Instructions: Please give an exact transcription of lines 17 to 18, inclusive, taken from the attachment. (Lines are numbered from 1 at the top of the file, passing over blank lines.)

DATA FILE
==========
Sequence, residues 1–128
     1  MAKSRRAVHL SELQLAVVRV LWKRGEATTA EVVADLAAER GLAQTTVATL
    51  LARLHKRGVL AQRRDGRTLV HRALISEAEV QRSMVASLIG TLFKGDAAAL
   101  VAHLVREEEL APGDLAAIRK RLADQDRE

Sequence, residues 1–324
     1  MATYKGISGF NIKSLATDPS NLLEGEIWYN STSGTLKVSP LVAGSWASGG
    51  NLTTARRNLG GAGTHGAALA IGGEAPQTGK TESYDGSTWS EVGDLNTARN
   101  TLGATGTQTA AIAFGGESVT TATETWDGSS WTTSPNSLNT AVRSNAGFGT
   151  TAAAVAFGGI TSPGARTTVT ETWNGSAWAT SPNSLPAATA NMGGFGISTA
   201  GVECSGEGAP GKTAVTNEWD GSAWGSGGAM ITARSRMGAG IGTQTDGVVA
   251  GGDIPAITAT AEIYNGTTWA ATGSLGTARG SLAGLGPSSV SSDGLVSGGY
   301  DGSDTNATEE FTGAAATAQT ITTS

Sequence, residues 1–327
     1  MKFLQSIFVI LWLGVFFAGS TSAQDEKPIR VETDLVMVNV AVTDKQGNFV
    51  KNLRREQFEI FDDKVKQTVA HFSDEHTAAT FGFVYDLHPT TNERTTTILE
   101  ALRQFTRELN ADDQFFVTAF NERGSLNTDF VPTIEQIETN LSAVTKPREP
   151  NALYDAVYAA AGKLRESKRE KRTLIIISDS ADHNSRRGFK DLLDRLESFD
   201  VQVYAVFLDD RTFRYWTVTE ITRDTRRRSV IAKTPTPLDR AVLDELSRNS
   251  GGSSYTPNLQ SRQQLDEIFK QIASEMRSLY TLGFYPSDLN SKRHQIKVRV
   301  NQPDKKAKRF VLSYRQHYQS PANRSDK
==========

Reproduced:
   151  NALYDAVYAA AGKLRESKRE KRTLIIISDS ADHNSRRGFK DLLDRLESFD
   201  VQVYAVFLDD RTFRYWTVTE ITRDTRRRSV IAKTPTPLDR AVLDELSRNS